How to boost your personal finances and income

Like it or not, we’re all CFO of our own personal economies. We have good quarters and bad ones, we have shortfalls and surpluses, and a file cabinet full of everything from tax documents to lawnmower receipts.

According to www.primermagazine.com, If you have been following what are generally regarded as “best practices” when it comes to getting your financial house in order now that you’ve started your career in earnest, you should already be well on your way to paying off any consumer debt (if not all the way there), have a three-six month liquid emergency fund at your disposal, and be contributing as much as you can to retirement account(s).

All of this advice assumes that you’re already doing these key things and that the only money that even makes it to your current account is after retirement and other savings have got its piece.

Once you’re in the rhythm of saving, it starts to get easier, just like how your motivation increases when you start going to the gym. Day-to-day success makes you not want to sacrifice the progress you’ve already made. But just like at the gym, in order to progress you have to step it up a notch from time to time. That’s where these simple tips come in.

Pay yourself first, and also second

“Pay yourself first” is an old piece of personal finance wisdom. What it essentially means is, before going out to eat or buying yourself the latest gadget, or even before paying bills, put aside money from every paycheque towards your retirement or another long-term savings vehicle. Automatically if possible.

Paying yourself second is an addendum to that old adage. With your personal current account now only used to keep spendable income, get in the habit of throwing an extra chunk of change into savings when you’re flush and unlikely to notice, like on payday. It’s truly amazing how fast an extra N10,000 or even N5,000 per pay period can add up when thrown in a savings account and forgotten. An extra N10,000 per paycheque over the course of the year (assuming bi-monthly paycheques) totals N120,000, and I guarantee you’ll never notice it’s “missing” at the time. That will certainly put a nice dent in your holiday shopping.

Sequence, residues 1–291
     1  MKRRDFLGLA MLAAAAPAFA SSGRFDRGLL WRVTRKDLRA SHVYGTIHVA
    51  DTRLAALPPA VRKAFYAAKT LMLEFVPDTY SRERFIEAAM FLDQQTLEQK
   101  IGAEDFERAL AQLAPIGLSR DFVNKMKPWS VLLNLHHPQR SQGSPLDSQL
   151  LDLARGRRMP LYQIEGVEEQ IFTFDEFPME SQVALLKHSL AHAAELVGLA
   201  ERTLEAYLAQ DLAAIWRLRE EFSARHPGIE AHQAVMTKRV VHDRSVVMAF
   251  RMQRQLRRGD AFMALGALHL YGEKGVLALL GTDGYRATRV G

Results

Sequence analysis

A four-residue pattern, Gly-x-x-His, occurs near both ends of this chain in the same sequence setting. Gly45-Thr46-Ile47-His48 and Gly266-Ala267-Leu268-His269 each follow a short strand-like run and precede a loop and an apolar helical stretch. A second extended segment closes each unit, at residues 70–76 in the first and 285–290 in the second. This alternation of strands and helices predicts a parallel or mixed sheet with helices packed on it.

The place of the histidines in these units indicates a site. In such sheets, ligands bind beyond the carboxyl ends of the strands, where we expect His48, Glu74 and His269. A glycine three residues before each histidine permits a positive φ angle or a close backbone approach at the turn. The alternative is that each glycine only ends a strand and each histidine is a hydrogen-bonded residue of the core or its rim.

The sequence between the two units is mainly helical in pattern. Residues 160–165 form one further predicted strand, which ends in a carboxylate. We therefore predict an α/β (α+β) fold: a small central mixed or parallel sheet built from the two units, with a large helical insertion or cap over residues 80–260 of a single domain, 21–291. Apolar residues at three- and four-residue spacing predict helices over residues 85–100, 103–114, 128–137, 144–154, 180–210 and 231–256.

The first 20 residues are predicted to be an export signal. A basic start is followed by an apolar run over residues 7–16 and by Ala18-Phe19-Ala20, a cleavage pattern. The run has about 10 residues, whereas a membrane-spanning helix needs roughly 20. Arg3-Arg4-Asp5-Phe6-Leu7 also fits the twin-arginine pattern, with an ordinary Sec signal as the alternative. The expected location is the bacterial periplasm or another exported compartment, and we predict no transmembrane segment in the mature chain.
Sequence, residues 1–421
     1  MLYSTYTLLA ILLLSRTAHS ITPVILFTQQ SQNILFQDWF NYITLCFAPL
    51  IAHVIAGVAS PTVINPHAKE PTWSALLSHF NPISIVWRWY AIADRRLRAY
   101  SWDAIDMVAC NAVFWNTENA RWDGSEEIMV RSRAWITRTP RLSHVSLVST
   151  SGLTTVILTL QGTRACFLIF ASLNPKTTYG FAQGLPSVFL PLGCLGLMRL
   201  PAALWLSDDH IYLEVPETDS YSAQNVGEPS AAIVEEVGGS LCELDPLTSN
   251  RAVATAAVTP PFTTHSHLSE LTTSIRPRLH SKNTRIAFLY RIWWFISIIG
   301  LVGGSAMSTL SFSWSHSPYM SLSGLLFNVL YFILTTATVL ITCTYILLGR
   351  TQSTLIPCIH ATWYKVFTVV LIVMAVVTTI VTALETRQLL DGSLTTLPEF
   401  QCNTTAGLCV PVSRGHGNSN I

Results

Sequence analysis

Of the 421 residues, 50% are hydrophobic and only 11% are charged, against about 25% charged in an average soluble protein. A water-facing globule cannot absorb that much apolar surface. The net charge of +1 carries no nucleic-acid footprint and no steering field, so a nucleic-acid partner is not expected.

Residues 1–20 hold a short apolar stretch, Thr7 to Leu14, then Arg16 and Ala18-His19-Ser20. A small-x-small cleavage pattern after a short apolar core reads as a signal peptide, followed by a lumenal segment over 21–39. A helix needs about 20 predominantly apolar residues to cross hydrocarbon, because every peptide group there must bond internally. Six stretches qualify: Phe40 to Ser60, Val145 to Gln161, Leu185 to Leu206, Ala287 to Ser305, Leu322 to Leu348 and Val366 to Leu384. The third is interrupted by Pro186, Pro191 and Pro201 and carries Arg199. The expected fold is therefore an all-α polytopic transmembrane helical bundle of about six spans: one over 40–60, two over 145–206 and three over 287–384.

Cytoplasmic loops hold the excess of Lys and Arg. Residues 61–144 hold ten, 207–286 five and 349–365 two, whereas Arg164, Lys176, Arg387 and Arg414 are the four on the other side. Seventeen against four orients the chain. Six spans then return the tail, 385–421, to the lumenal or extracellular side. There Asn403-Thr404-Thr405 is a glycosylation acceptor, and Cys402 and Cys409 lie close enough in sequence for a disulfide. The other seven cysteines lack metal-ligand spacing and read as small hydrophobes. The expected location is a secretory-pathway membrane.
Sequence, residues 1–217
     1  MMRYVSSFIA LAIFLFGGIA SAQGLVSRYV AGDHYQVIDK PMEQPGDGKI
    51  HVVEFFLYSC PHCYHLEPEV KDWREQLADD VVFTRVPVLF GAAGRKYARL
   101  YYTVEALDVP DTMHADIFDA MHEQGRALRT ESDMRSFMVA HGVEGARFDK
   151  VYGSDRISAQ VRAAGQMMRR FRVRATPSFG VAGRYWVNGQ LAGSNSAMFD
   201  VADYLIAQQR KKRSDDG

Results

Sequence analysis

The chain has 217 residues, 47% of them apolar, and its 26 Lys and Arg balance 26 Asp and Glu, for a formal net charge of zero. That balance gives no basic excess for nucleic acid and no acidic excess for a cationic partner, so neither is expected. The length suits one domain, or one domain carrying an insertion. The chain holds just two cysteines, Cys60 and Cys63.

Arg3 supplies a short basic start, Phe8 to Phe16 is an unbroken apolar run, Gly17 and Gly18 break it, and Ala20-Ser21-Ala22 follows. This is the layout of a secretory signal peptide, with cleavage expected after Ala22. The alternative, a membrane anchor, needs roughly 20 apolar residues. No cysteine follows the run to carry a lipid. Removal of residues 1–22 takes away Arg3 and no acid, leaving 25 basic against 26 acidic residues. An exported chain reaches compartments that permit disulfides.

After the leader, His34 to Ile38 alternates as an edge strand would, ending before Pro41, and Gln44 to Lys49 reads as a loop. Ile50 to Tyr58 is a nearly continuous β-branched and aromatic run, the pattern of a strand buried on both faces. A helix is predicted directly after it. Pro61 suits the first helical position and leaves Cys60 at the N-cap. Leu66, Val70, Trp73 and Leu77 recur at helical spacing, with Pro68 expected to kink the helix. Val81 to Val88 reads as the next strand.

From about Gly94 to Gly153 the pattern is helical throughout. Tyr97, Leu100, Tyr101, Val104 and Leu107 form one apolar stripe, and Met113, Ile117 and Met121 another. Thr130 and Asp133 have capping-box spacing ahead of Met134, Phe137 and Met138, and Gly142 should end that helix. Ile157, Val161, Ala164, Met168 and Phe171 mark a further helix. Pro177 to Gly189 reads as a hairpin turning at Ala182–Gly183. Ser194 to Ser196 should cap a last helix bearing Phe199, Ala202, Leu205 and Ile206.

Round up, and watch it build up

Chances are your regular monthly bills aren’t nice round numbers like the above example. So when it comes to the time to transfer money from your personal current account to your bills account, get in the habit of rounding up to the nearest amount. Again, the trick is about separating you from your money in increments so small you won’t notice at the time, but will be thrilled down the line when you need it.

Attack the principal

If you’re financing a car, depending how the loan is structured, your monthly car payment is probably divided between your principal and your interest. Meaning every payment you make not only chops off a slice of the car loan itself, but a portion of the interest you’re being charged. You can work around this by paying an extra amount mid-cycle, which more often than not goes directly against the principal.

If your car payment is N100,000 a month, and you pay an extra N25,000 on top of that between monthly payments, you’ll not only pay off your loan quicker, but likely save a healthy amount on interest in the process. Find out from your lender before attempting this as some companies don’t allow you to make principal-only payments like that.